Posted November 6, 2014
M. Albert Thomas, Ph.D., University of California at Los Angeles

M. Albert Thomas, Ph.D. Current methods of prostate cancer (PCa) detection, including digital rectal examination (DRE), serum prostate-specific antigen (PSA) level measurement, and transrectal ultrasound (TRUS) based biopsy, are invasive and in general lack reliable specificity and accuracy. Researchers have therefore been focusing on how to achieve greater sensitivity and specificity to accurately detect prostate cancer through non-invasive imaging techniques. One non-invasive imaging method available on most magnetic resonance imaging (MRI) scanners, proton (1H) magnetic resonance spectroscopy (MRS), can read the chemical content of tissues, such as metabolites. Since cancer cells have higher growth rates than normal cells, measurement of changes in metabolite concentrations might help detect the presence of cancer cells, and even distinguish between rapidly growing, aggressive cancer cells and indolent cancer cells.

Current one dimensional (1D) MRS detection of metabolites is limited because of signal overlap, making the measurement of individual metabolites associated with cancer growth difficult to tease apart. With support from a 2010 PCRP Idea Development Award, Dr. M. Albert Thomas and his research team at the University of California at Los Angeles set out to develop methods for the acquisition of multi-dimensional 1H MRS scans to better resolve measurement of metabolites for prostate cancer diagnosis. His group has demonstrated a powerful noninvasive technique called Echo-Planar J-resolved Spectroscopic Imaging (EP-JRESI) that can distinguish cancerous tissue from healthy tissue (Figure 1). Dr. Thomas showed that multi-dimensional MRS detection, which allows resonance signals to be spread apart, allows for the quantitation of several metabolites whose signal were overlapped in the 1D spectrum. Analysis of several molecules simultaneously improves the detection and diagnosis potential of 1H MRS, allowing researchers and physicians to get a better grasp on the metabolism of prostate regions and ultimately detect aggressive disease.

Dr. Thomas' novel 4D EP-JRESI technique has been implemented on 3T and 1.5T MRI scanners, and a pilot study of PCa patients has been completed, with follow up studies planned to establish clinical feasibility. Additional plans are in development to establish a novel protocol for multi-parametric MR examination combining the 4D EP-JRESI (metabolite imaging) with anatomical MRI (T2-weighted) and functional MRI. It is Dr. Thomas' hope that the recent developments will lead to clinical realization of these novel multidimensional magnetic resonance spectroscopy imaging (MRSI) sequences in the near future for improved detection and diagnosis of PCa.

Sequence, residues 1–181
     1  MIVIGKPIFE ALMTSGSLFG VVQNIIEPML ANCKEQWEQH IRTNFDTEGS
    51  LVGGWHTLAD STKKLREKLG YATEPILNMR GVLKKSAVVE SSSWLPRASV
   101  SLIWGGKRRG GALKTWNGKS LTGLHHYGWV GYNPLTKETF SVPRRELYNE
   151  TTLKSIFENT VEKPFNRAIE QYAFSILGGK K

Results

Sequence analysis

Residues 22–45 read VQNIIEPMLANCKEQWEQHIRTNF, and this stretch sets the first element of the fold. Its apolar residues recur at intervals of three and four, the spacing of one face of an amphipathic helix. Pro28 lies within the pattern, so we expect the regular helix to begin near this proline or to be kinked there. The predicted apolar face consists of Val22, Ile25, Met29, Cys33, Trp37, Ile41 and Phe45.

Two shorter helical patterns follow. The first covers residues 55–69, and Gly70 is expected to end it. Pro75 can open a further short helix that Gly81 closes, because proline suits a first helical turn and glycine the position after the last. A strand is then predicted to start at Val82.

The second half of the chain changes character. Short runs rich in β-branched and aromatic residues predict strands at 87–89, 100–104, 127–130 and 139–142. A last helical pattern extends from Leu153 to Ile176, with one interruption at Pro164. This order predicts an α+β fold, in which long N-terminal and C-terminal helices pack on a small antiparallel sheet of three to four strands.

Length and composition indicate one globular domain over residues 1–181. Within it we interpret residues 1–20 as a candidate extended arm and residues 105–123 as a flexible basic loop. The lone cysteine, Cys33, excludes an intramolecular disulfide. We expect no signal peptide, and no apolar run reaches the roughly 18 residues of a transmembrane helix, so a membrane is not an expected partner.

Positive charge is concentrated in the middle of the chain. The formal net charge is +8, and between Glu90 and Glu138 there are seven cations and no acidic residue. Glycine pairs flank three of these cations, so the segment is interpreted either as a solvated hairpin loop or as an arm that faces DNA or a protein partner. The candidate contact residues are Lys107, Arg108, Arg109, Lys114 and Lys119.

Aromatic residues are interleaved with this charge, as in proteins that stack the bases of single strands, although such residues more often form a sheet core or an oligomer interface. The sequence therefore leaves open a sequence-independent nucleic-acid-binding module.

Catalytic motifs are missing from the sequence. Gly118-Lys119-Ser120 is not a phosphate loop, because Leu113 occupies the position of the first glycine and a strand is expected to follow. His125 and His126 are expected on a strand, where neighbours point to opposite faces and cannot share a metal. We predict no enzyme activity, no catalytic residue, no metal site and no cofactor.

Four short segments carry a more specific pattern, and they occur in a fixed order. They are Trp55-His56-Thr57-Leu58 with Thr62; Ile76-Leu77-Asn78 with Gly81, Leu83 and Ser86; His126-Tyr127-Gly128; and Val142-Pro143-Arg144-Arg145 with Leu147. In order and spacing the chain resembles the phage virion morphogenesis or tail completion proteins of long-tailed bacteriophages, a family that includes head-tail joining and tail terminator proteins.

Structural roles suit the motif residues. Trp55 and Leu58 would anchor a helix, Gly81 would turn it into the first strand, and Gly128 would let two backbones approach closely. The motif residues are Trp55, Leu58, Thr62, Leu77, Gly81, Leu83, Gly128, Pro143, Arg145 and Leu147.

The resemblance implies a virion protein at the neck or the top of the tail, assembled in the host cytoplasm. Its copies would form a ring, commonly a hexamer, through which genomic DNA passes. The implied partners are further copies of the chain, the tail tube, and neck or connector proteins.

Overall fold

Figure from Dr. M. Albert Thomas

A) A schematic diagram of the 4D EP-JRESI sequence implemented on the MRI scanner.
B) Processing algorithm logic flow
C) MRI & MRS spectra from a 61- year old PCa patient (left) normal (right) cancerous tissues

Research Links:

1) Thomas MA, Nagarajan R, Huda A, Margolis D, Sarma MK, Sheng K, Reiter RE, Raman SS. "Multidimensional MR Spectroscopic imaging of Prostate Cancer In vivo." NMR in Biomed 2014; 27:53-66; Epub 2013 July 31. [PMID: 23904127].

2) Furuyama J, Wilson NE, Burns BL, Nagarajan R, Margolis DJ, Thomas MA. "Application of Compressed Sensing to Multidimensional Spectroscopic Imaging in Human Prostate." Magn Reson Med 2012; 67:1499-1505 [PMID: 22505247]

3) Nagarajan R, Margolis D, Raman S, Sarma MK, Sheng K, King CR, Verma G, Sayre J, Reiter RE, Thomas MA. "MR Spectroscopic Imaging and Diffusion-Weighted Imaging of Prostate Cancer with Gleason Scores." J Magn Reson Imaging 2012;36:697-703 [PMID: 22581787]

4) Additional Publications


Public and Technical Abstracts: Echo-Planar Imaging-Based, J-Resolved Spectroscopic Imaging for Improved Metabolite Detection in Prostate Cancer

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